Love of virtue and hatred of vice may spring from two different motives; one heathenish, the other Christian. Christ, too, is an enemy to sin and a friend to righteousness. Psalms 45, 7 says of him, "Thou hast loved righteousness, and hated wickedness." And this saying does not conflict with Moses' declaration concerning Christ, "Dilexit populos," Yea, he loveth the people." Deut 33, 3. But heathen love of virtue and hatred of vice, like the unreasoning swine, indiscriminately roots up and tosses together vices and virtues, regardless of the individual; truly a friend to no one but itself. This truth is evident from the fact that so long and so far as virtue adorns the individual, so long and so far heathenism loves him and is interested in him; but when virtue is lacking, the individual is rejected. Now, the Christian hatred of sin discriminates between the vices and the individual. It endeavors to exterminate only the former and to preserve the latter. It does not flee from, evade, reject nor despise anyone: rather it receives every man, takes a warm interest in him and accords him treatment calculated to relieve him of his vices. It admonishes, instructs and prays for him. It patiently bears with him. It does only as the doer would be done by in circumstances of like infirmities.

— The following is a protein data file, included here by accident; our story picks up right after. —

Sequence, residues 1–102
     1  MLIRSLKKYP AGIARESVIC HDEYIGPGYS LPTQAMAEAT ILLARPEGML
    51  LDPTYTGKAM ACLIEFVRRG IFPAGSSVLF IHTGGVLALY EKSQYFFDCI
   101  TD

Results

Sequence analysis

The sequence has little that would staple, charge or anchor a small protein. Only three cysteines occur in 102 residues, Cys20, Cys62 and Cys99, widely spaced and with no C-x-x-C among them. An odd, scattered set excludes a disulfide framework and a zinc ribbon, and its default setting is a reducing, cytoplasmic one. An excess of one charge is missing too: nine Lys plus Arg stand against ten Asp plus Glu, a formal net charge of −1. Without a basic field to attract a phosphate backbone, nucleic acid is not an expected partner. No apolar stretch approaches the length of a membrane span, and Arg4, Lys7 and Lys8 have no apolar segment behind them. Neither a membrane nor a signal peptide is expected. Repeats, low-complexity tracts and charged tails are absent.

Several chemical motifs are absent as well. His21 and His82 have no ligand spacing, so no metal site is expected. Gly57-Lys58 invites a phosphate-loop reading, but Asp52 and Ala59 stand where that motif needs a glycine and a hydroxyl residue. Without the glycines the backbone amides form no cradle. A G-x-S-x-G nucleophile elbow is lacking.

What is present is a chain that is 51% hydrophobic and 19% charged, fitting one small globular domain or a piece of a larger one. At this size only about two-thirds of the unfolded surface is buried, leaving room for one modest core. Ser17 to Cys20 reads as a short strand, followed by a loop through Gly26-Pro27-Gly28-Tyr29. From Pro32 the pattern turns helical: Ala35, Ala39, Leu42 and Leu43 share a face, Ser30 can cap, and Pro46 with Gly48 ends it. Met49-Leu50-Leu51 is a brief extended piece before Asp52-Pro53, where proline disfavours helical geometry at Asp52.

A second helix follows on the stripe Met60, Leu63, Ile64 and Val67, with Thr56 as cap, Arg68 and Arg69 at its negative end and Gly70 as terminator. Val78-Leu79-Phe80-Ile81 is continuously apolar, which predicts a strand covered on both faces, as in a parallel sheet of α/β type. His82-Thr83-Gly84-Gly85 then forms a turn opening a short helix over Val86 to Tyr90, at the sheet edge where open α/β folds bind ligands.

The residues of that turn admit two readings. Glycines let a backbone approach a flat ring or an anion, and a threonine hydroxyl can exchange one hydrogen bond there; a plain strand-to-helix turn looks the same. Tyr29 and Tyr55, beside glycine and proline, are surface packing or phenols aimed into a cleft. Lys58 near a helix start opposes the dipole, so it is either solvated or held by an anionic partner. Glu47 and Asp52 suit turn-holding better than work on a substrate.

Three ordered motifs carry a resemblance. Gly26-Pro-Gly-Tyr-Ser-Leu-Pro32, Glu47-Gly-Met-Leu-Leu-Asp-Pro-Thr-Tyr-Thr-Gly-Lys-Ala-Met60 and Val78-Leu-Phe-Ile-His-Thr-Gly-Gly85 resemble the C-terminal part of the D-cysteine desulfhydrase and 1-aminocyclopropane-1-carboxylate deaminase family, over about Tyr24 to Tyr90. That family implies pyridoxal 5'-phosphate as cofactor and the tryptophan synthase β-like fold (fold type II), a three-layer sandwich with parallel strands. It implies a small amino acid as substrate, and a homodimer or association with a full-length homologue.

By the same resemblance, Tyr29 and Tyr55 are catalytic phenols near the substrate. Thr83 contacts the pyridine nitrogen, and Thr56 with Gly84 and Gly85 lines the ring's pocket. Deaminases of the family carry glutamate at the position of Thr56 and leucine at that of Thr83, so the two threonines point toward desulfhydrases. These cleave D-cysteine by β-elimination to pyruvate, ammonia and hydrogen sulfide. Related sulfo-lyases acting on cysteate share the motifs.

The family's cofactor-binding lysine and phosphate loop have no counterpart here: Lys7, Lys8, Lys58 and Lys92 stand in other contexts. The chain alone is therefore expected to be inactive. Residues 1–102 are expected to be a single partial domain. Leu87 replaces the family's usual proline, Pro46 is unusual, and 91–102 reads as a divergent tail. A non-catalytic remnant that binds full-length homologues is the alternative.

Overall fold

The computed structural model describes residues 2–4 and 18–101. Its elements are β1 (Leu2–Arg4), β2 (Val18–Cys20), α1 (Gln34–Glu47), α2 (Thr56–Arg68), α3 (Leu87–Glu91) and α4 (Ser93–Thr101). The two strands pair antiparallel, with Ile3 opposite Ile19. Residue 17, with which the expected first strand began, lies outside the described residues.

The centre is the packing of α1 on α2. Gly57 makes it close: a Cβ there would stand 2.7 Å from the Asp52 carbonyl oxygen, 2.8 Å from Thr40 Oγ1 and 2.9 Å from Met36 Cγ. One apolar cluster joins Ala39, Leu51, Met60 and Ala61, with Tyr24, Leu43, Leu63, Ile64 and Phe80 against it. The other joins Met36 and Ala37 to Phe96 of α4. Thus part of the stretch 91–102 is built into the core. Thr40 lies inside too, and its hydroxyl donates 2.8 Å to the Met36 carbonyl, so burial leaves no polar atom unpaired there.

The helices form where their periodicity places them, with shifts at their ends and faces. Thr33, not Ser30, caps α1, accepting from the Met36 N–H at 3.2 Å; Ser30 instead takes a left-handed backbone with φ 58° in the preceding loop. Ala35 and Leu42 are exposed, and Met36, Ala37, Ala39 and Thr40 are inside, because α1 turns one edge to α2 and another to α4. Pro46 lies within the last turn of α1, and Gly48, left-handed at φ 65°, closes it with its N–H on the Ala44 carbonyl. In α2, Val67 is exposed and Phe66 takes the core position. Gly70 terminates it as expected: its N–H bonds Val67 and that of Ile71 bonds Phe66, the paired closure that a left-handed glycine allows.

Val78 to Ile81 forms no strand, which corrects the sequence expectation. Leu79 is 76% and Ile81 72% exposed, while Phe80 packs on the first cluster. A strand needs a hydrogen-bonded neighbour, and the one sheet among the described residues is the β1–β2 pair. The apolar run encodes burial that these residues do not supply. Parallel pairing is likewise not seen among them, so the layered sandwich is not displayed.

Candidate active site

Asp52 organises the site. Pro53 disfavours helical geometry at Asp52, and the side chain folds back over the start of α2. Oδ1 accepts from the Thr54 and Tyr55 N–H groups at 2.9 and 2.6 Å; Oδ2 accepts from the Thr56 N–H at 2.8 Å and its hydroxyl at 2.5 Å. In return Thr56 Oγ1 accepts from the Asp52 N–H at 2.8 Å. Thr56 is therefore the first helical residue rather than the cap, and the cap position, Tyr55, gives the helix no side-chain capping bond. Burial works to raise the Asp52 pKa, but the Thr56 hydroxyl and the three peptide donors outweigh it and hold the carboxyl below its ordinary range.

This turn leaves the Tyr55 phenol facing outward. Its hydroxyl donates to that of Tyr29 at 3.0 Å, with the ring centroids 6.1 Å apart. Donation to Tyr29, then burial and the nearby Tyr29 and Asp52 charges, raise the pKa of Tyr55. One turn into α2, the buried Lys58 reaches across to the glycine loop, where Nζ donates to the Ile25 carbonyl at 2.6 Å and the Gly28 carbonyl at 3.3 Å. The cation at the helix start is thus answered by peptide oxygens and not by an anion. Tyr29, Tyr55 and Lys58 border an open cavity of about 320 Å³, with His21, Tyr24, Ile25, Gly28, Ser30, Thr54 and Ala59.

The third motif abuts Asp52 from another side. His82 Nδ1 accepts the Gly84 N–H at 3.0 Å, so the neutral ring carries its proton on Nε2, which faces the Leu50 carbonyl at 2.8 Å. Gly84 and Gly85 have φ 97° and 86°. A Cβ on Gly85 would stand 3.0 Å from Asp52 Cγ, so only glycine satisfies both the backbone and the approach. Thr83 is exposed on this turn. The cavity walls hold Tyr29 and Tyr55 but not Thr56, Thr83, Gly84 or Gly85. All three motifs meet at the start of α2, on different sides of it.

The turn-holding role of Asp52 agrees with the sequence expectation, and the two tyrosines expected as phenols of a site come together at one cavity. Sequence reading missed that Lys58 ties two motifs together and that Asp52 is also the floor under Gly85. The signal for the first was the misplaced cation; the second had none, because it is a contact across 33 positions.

-Sermon for the Second Sunday in Advent on Romans 15:4-13 (1521)